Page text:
Heroes of WWII: Josefina Guerrero the Leper spy

heroes of WWII -

Heroes of WWII: Josefina Guerrero the Leper spy

From outcast to the perfect spy, discover the story of Josefina Guerrero the Leper Spy.

Born in The Philippines on August 5th, 1917, to religious parents, Josefina adored Joan of Arc and would dream of one day becoming a heroine. After losing both of her parents at a young age she was taken in by the Sisters of the Good Shepherd, a religious convent. After contracting tuberculosis, the nuns were unable to care for Josefina and she was taken in by her grandparents. Once she had recovered, she was sent to a convent in Manila. Guerrero enjoyed art, poetry and music, she was described by many as attractive, lively and jolly.

On April 21st 1934, at the age of 16 Josefina Guerrero married 26-year-old Renato Maria Guerrero. And two years later the couple welcomed a daughter. In 1941 Josefina was diagnosed with Hansen's disease, also known as leprosy. Immediately after her diagnosis Renato moved out of their home and took their daughter with him, leaving Josefina alone. Leprosy held such a stigma that people diagnosed with the condition were completely ostracised from their communities.

When the Japanese invaded The Philippines in 1942 it led to a shortage of medical supplies. With Josefina unable to get the vital medication she needed to control her disease she felt hopeless and depressed, she thought back to her childhood and remembered her admiration for Joan of Arc and knew if she was going to die then she would die a heroine.

Aged 24 Josefina Guerrero joined the resistance as a spy, working as a courier to deliver important news about the war. She memorised the appearances of the Imperial Japanese army men and reported their troop movements. As Josefina's disease worsened due to the lack of medication, she noticed that due to her now very visible lesions the Japanese guards at the checkpoints would let her through without a full body search as they had previously. Guerrero successfully transmitted secret messages, information, weapons, and vital supplies to the resistance and soldiers. Her tasks later escalated to mapping out Japanese gun emplacements and fortifications.

On September 21st 1944, the Americans successfully used her map to crush the Japanese defenses in Manila Harbour. In late January 1945, Josefina Guerrero was sent on her most dangerous mission. She was told before departing to go to confession as her handlers did not expect her to survive. Her mission was to bring the American troops, who were 35 miles away, a map of landmines planted by the Japanese around Manila. Josefina set off on foot with the map underneath her clothing taped between her shoulder blades. She walked 25 miles to Hagonoy and to avoid an active war zone she boarded a boat and had to outrun river pirates. She then walked a further 8 miles to the American base at Calumpit, and realised that the Americans had left 3 hours earlier on their way to Malolos. So, she set off to Malolos and managed to reach the American troops to hand the map to Captain Blair of the 37th Infantry Division. She suffered paralyzing fatigue and headaches throughout her journey but nevertheless carried on.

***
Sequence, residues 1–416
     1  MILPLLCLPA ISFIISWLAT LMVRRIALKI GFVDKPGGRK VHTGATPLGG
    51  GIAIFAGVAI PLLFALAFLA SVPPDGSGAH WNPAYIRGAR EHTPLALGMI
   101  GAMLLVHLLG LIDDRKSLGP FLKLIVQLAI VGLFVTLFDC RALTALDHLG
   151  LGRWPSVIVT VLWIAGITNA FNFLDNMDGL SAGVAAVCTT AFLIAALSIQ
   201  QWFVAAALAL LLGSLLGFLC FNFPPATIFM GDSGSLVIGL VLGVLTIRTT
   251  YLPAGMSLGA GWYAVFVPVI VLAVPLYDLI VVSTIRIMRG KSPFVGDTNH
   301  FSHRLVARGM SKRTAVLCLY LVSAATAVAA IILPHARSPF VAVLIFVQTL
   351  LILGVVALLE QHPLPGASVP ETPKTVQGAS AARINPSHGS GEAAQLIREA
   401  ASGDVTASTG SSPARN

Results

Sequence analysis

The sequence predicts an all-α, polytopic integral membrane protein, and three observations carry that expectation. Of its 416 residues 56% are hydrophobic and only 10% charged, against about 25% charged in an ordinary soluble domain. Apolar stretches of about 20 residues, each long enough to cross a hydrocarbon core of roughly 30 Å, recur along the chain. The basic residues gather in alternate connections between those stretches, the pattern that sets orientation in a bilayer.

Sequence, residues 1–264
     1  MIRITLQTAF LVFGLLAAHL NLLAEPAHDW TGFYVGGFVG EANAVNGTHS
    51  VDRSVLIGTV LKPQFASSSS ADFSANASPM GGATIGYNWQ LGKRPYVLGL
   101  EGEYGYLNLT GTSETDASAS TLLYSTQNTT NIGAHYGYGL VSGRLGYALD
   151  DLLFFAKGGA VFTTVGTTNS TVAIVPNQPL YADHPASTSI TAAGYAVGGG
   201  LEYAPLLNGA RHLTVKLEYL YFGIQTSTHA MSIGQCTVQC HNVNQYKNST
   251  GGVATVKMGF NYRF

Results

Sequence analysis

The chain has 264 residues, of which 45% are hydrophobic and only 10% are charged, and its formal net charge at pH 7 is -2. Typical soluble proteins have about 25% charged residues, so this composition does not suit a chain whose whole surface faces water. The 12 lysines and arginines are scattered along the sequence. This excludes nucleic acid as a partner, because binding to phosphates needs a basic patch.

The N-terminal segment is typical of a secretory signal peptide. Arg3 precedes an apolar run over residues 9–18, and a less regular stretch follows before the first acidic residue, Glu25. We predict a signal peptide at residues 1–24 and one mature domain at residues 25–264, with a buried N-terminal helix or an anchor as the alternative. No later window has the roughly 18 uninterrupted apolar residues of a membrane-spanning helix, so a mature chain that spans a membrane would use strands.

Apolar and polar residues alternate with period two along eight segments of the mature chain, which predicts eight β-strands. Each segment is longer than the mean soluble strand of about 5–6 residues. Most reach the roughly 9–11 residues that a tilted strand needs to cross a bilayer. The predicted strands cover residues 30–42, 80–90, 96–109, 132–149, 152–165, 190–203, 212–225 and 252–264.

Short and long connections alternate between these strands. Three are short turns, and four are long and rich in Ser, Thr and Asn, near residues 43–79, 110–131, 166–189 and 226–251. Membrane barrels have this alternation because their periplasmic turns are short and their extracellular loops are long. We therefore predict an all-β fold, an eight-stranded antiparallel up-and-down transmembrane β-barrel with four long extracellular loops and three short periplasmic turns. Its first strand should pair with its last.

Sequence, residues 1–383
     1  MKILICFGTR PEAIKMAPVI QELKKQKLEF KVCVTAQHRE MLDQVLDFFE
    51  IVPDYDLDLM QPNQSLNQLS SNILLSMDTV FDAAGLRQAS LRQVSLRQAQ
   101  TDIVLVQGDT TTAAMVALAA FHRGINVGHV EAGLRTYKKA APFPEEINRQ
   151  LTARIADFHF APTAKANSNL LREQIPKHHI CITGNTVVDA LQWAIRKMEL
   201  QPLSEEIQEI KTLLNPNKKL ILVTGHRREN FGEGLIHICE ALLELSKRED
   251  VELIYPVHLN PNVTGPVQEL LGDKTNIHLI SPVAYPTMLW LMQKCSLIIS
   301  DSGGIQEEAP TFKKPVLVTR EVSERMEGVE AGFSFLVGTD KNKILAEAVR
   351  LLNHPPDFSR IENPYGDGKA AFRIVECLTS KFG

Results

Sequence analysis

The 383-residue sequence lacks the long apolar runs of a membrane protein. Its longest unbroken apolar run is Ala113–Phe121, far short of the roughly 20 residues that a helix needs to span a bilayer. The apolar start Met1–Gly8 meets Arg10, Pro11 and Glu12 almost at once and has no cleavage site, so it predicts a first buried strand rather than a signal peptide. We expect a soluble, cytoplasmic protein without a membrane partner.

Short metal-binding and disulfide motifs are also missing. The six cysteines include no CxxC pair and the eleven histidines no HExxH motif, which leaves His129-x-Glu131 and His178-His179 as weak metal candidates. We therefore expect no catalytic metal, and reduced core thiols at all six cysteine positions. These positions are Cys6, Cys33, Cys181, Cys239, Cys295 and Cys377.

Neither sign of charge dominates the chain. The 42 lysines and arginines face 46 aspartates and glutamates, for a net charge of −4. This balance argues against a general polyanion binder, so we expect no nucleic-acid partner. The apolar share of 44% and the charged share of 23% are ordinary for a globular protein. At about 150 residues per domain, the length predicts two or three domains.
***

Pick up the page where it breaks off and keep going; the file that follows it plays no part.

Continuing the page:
Josefina Guerrero joined the Americans on their way to manila, she assisted during the Battle of Manila by tending to wounded soldiers and civilians, and carried children to safety, all while avoiding flying bullets.
After the war, Josefina Guerrero was sent to Tala Leprosarium in Novaliches. The institution's conditions were appalling with no running water or electricity, it was overcrowded and only had four nurses for over 650 patients. Food, clothing and bedding were scarce. Josefina set to work cleaning the institute as much as possible, helping teach the young patients and helped build coffins for those that succumbed to the disease.

At the point of desperation, Josefina wrote to a friend in the US about her situation. Her letter found its way to the Catholic Chaplain at the National Leprosarium of the United States in Carville, Louisiana, where it reached the Manila Times who wrote an exposé about the Leprosarium's conditions. This finally prompted the Philippine government to take action. New dormitories were built, and the leprosarium received beds for both the dormitories and hospitals, so that all patients had somewhere to sleep. Food rations were improved, telephone service was installed for emergencies, and water stations were built. The campus was cleaned up and medical staff added.

After hearing about the work at the Catholic Chaplain at the National Leprosarium, Josefina knew that this would be the best place for her to overcome her disease. Josefina worked to obtain the first American visa for a foreign national with Hansen’s disease (leprosy), and in 1946 she arrived at the institute in Carville. Upon arrival Josefina was diagnosed with an advanced case of the disease and was given a 9-year treatment plan. In April 1957 she was discharged from Carville, with her disease in remission.

Although her disease was now dormant, Josefina Guerrero struggled to find employment when employers found that she had been a patient at the Carville Leprosarium. At the same time, she was also fighting the decision to deport her back to The Philippines. With the help of US military personnel, members of the press and attorneys Josefina Guerrero was allowed to stay in the US.

After her traumatic past, Josefina wanted to live the rest of her life out of the public eye. She remarried and changed her name in hope to forget her past. She reunited with her daughter once, when her daughter visited the US, but Josefina never returned to The Philippines. Josefina Guerrero died on June 18th 1996, and was buried in Mount Olivet Cemetry in Washington.

1 comment

  • Caspar

    Very interesting, knew nothing of these sorts of actions in far east during WW2.

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